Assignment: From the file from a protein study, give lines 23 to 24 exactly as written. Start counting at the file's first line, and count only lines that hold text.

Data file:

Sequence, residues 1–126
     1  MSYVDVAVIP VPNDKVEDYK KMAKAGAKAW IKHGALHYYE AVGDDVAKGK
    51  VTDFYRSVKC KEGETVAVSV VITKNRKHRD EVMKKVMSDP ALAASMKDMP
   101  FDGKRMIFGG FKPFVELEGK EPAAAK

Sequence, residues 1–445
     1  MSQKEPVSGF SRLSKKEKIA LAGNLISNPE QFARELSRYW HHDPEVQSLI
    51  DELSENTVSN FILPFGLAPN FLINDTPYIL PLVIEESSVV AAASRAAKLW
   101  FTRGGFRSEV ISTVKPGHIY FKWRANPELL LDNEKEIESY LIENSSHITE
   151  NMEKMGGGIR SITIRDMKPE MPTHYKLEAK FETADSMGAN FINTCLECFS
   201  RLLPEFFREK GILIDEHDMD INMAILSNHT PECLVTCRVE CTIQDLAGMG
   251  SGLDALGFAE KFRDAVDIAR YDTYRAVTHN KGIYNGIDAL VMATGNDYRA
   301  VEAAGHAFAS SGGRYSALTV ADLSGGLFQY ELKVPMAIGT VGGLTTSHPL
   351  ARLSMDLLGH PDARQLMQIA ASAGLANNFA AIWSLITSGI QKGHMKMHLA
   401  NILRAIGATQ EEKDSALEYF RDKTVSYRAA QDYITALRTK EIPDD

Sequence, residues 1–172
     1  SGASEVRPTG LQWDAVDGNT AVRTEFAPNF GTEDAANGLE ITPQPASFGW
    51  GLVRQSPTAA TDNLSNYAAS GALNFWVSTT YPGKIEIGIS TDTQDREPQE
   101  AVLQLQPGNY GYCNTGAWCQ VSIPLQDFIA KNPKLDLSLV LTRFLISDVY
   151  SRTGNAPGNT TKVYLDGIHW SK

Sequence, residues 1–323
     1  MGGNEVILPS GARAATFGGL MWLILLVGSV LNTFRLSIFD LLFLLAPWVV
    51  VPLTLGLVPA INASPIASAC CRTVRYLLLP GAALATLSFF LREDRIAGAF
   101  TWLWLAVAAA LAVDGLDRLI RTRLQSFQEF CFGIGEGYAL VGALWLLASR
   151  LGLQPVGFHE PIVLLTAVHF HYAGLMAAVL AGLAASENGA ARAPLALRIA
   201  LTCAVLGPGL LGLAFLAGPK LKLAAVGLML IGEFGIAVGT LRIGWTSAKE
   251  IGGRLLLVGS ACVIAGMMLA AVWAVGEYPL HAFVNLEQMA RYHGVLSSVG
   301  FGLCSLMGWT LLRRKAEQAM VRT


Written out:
   101  TWLWLAVAAA LAVDGLDRLI RTRLQSFQEF CFGIGEGYAL VGALWLLASR
   151  LGLQPVGFHE PIVLLTAVHF HYAGLMAAVL AGLAASENGA ARAPLALRIA